There are some struggles in the early church and yet good things are happening. It is obvious that the early church understood that the life of Jesus and the life that Jesus gives is meant to to burst beyond the allegiances of nation, ethnicity, or social grouping and create a community of the wealthy and poor, Hebrew and Hellenist. These Hellenist newcomer/outsiders are really included in the community we notice. When the vulnerable Hellenists advocate for more, the Hebrew apostles place Hellenists in charge of the feeding ministry. They are included in the leadership and given the power to make important decisions, not just given a token place at the table. So the apostles exercise good planning, sound decision making and good leadership.
Then the Holy Spirit rushes in and mixes things up. Stephen was ordained by the apostles for the ministry of feeding the hungry, but Stephen begins preaching authoritatively and healing powerfully. This is not what the apostles planned for or intended. (Are there hints of control-issues here? Perhaps the apostles thought that as those who had actually lived with Jesus were the only ones prepared to preach and teach and Stephen, a recent convert, was just not worthy of the ministry of preaching). ‘The best laid plans of mice and men/often go awry,’ wrote the poet Robert Burns. We laugh at it because we experience its truth. But we also find it frustrating and even frightening when the plans that have gone awry are ours.
Part of the story of Acts is the story of the Apostles best laid plans going awry. Which leads me to ponder a very different way of think about church, about being member of the gathered believers in Christ. To be baptized into this body is to regularly submit to having the Holy Spirit lead us awry. Perhaps, I’m wondering, church isn’t so much about comfort, as discomfort, not so much about security as learning to enjoy the ride of the chaotic urging of the Holy Spirit? The history of church doesn’t often tell this story. Church has often resisted the insistent call of the Holy Spirit to shatter assumptions and systems that enslave and oppress. In our own nation, much of the church resisted the civil rights movement. Still today churches resist the Spirit empowered equality of women (not letting them lead or preach).
Acts tells us a shocking story. The Holy Spirit was moving, tearing down the best laid plans and building new communities. As we will see, those apostles that could not ride this chaotic wave of the coming Kingdom were soon replaced with those who could ride that wave.
So, what do you think? Church as a place where we come to allow our comfort to be challenged and even shattered in the hopes of something new?
Monday Luke 6:1
the Hellenists complained against the Hebrews because their widows were being neglected in the daily distribution of food.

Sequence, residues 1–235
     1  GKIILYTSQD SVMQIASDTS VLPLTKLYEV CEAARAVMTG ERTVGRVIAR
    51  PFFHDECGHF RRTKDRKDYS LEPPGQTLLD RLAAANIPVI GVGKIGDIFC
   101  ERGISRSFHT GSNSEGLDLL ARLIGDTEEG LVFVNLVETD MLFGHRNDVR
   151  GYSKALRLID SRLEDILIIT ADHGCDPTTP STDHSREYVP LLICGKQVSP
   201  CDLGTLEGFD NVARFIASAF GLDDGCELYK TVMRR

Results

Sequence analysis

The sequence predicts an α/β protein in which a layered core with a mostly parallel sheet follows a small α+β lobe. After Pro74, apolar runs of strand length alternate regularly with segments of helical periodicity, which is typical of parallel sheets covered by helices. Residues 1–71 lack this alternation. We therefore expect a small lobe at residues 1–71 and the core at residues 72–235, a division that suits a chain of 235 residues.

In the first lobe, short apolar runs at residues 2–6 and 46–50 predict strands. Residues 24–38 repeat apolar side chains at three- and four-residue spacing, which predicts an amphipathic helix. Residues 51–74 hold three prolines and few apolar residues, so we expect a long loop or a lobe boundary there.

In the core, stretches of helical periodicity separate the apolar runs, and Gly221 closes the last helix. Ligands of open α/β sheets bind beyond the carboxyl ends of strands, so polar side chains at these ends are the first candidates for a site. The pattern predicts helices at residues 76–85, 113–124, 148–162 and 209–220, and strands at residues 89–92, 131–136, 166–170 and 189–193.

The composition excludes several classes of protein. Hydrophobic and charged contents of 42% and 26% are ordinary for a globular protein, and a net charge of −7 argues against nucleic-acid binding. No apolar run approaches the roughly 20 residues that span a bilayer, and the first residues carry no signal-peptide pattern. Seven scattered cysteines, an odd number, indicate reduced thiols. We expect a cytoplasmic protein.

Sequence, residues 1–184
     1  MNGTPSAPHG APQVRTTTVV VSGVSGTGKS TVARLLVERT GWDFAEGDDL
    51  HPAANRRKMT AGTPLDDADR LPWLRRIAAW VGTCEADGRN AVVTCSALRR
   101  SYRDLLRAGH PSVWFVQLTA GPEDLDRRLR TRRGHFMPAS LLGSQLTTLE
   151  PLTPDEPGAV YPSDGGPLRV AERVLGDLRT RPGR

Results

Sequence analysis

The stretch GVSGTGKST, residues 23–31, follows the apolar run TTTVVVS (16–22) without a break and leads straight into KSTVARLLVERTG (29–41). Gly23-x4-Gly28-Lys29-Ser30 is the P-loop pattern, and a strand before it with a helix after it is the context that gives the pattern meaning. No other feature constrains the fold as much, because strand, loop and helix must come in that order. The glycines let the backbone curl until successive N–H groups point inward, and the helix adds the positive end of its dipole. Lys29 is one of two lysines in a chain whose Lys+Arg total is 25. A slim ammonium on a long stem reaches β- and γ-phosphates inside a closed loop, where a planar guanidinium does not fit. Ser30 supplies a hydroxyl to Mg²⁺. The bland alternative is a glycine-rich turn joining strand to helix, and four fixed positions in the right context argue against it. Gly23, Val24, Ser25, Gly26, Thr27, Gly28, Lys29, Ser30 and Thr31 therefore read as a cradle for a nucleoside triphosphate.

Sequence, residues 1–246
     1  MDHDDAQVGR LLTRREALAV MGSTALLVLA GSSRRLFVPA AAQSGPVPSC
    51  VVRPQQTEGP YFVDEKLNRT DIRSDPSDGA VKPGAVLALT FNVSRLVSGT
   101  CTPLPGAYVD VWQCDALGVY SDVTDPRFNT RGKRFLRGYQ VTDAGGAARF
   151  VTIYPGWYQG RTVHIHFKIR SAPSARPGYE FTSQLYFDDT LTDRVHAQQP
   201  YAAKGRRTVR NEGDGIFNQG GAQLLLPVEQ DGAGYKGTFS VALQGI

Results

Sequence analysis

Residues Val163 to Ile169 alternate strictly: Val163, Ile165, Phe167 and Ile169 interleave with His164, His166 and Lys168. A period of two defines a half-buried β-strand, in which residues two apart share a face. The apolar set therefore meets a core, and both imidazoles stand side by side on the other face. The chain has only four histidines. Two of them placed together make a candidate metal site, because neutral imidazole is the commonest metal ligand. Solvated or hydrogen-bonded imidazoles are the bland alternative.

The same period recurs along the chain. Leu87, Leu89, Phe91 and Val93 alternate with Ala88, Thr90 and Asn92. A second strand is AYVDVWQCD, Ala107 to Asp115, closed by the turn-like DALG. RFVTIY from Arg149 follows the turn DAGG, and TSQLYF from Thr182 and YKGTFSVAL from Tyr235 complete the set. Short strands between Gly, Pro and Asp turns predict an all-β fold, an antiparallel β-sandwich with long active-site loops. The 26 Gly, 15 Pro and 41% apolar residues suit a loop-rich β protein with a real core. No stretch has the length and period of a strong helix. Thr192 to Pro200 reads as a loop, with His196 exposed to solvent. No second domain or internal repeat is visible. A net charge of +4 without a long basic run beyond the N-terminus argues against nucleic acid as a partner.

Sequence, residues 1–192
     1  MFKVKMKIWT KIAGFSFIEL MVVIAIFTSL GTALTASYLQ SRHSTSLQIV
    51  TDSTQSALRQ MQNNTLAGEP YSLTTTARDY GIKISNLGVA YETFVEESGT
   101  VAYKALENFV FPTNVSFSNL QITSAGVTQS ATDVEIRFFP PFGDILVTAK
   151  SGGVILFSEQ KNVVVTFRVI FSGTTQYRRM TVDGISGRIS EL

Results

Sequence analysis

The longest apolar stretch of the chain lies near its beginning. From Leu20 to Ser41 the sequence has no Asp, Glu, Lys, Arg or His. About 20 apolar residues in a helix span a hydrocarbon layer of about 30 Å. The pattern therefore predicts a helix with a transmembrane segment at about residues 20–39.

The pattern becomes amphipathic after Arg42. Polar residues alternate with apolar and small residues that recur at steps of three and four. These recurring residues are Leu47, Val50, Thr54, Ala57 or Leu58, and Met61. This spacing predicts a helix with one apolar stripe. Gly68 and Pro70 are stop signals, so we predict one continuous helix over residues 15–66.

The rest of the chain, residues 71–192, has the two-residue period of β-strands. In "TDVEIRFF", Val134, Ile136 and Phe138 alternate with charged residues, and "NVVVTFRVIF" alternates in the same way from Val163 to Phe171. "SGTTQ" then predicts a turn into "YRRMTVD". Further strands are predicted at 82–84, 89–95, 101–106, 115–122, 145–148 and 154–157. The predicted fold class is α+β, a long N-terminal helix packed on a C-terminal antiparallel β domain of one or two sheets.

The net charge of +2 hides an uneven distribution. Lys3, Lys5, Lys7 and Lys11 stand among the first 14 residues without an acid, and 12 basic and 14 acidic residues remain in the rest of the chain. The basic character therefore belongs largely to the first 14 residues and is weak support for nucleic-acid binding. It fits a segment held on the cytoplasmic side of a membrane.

Luke’s story continues in the book we now call the Acts of the Apostles. Although Easter continues liturgically in our worship at church, our scripture readings do not allow us to linger long in resurrection relief. Instead, we are catapulted head-long into the complicated, gritty, controversial and sometimes painful mission of God. Luke is very honest about the struggles and the mission of the early church. Let’s look at that today.
First, Luke tells us that the Hellenists and the Hebrews are at tension in the early church. The Hellenistis or Greeks were probably not exactly people of a different ethnicity from the Hebrews. They were themselves Jewish, but they were ‘raised’ outside of Roman Palestine, away from Jerusalem and some of the customs were a bit different. They were accustomed to a greek translation of the Hebrew scriptures. And they were more comfortable with diversity than the Hebrews who lived in and around Jerusalem.
We will remember that a significant theme in Luke’s presentation of Jesus is that he crossed boundaries. He went to the Samaritans, spoke to women, touched lepers, ate with unclean and ‘sinful’ women and men, and with the despised wealthy as well. Today’s story from Luke reveals that the early church struggled with this. The Hellenist’s were different and distrusted. Some Hebrews may have wondered if this ‘church’ they had joined was becoming a ‘Hellenist church.’
Leslie Newbigin writes, ‘The mission of God changes not only the world, but the church as well.‘ Right away Luke shows us that the mission of Jesus was being carried out by the early church, whether they were comfortable with it or not. There were exclusions to be undone and relationships to be created. The mission of Jesus, of taking the good news of God’s love for all creation continued, sometimes despite the apostles.
Church as a place of disturbance of the status quo. Church as a place not where beliefs are supported, but challenged. Church as a place, going beyond beliefs, where attitudes, behaviors and actions are challenged. Church as a place of Holy Disturbance?
Could that be what church is all about, allowing the Spirit to disturb us?
Write something about yourself. No need to be fancy, just an overview.